They Got Issues

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We keep the chat shows running through the day at TPM HQ. And I’ve been listening to a constant stream — mainly but not only on Fox — of talk through the day about whether we should feel weak or ashamed or tarnished or any other number of things because President Obama had a friendly handshake with Huge Chavez of Venezuela.

The whole idea seems so deeply silly to me that it’s hard to know how exactly to even comment on it. But I’m struck once again by the sort of psychologically arrested mentality and extreme emotional insecurity that seems at work in the minds of many foreign policy conservatives — or more specifically, so as not to paint with too broad a brush, those of the neo-conish flavor.

Sure, a lot of this is just political posturing — trying to sound the story out for possible political vulnerabilities on Obama’s part. Throw a bunch of mud up against the wall and see what sticks. What’s striking to me though is that a lot of it seems like a very genuine, gut-level emotional response. (A related example is what Matt Yglesias pointed out a few days ago — how many right-wingers seem to have convinced themselves that North Korea, a borderline failed state on the possible brink of economic collapse somehow has the US over a barrel.)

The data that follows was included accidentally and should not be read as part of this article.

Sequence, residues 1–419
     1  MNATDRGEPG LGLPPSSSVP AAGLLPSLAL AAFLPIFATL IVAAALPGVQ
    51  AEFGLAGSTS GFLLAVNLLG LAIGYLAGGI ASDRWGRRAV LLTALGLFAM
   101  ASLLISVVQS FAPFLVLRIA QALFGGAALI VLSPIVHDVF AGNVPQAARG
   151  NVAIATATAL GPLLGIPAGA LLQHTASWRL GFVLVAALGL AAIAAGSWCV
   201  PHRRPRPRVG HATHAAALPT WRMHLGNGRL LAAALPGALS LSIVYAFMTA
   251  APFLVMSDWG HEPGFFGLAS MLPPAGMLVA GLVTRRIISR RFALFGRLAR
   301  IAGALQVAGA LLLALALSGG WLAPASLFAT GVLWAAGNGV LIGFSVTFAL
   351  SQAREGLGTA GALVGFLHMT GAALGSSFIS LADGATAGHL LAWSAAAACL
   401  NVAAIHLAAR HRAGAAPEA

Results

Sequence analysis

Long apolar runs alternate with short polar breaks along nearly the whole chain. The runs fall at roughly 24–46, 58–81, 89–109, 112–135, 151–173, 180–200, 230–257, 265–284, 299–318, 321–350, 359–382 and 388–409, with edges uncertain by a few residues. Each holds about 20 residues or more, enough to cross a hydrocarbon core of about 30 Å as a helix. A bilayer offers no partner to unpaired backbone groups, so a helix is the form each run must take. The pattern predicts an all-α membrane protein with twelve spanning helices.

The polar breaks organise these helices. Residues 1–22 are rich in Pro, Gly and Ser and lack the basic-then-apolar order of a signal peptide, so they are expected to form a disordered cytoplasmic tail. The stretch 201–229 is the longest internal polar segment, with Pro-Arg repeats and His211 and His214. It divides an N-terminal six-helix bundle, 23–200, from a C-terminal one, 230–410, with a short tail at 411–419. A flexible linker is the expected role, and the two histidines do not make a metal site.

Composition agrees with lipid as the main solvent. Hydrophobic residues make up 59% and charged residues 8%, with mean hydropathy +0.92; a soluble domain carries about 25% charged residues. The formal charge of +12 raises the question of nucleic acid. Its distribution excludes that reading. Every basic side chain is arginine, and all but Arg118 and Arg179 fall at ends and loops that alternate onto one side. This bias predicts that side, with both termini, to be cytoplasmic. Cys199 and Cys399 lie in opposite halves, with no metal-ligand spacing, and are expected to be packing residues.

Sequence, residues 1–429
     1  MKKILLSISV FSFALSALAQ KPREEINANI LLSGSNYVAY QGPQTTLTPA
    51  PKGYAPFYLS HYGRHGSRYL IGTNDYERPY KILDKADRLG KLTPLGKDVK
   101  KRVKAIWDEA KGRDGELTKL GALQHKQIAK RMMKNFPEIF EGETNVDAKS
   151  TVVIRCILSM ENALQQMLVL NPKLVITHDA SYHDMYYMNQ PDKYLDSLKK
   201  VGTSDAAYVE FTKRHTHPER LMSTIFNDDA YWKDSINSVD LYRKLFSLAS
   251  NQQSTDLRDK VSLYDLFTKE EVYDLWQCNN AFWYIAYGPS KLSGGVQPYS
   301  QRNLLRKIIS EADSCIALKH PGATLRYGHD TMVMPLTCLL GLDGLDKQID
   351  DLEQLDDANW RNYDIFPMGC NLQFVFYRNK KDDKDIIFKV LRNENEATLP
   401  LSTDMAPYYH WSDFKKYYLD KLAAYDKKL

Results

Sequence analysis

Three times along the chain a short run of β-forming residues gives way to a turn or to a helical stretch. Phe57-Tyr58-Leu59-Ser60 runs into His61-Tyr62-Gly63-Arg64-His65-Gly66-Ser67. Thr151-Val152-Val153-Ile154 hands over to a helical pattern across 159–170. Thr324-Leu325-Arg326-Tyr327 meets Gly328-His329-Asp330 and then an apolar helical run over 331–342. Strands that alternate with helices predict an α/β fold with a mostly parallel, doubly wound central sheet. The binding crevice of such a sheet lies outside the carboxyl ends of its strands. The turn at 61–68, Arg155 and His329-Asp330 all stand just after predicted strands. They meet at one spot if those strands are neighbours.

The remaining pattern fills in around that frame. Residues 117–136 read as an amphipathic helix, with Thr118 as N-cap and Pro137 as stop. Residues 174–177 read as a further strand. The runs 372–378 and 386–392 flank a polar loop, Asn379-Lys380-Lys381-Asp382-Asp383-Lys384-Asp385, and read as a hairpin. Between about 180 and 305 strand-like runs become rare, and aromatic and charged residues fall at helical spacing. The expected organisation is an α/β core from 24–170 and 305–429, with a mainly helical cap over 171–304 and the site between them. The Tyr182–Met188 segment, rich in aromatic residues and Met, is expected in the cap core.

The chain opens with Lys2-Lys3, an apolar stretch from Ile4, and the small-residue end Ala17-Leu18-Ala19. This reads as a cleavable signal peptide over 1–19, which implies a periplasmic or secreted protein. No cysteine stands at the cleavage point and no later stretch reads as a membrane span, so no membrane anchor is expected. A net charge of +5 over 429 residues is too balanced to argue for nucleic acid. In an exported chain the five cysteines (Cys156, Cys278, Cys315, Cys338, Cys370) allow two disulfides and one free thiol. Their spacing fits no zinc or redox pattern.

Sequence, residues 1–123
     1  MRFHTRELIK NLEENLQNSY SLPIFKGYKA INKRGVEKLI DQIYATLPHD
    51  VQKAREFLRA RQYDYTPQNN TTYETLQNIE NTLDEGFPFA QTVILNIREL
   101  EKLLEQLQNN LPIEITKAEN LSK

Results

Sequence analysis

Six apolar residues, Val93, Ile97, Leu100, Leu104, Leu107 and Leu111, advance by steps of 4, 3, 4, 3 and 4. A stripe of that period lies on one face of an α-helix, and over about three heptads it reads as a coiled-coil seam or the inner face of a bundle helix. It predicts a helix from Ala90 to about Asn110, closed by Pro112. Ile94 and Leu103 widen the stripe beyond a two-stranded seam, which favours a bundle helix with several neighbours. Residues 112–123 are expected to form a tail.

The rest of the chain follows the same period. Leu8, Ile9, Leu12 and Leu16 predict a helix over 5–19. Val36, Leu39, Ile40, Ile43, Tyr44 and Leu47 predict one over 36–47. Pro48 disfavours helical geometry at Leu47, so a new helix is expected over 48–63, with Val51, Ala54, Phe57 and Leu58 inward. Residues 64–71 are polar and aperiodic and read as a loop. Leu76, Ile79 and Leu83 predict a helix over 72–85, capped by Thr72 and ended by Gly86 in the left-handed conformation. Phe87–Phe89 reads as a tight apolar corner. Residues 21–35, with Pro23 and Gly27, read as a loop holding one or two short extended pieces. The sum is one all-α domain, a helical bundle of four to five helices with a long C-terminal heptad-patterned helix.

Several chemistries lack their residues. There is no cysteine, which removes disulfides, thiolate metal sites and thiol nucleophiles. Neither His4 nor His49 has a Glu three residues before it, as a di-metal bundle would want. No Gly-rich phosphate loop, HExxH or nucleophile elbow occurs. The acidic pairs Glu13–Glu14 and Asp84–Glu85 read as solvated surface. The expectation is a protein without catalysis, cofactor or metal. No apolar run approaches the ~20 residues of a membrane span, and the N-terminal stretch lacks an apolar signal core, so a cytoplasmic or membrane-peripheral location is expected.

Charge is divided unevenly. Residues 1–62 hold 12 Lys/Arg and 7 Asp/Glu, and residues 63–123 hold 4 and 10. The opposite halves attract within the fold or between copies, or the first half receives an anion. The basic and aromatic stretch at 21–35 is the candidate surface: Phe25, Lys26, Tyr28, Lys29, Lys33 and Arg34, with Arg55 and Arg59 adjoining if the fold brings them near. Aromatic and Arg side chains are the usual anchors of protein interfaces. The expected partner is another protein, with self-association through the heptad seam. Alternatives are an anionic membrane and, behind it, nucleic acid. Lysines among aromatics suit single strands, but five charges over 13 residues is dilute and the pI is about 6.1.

In the course of our normal lives, few of us have much difficulty identifying habits of defensiveness or a penchant for histrionic or petulant interactions as signs of weakness, not strength. Really powerful people don’t need stunts and usually signal their power by a certain graciousness and indifference in such interactions. They have nothing to prove. But American power, respect, command of public opinion — however you want to define it — must be in these people’s minds an extremely brittle thing. They really do seem like extremely insecure people.

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Josh Marshall is editor and publisher of TalkingPointsMemo.com.
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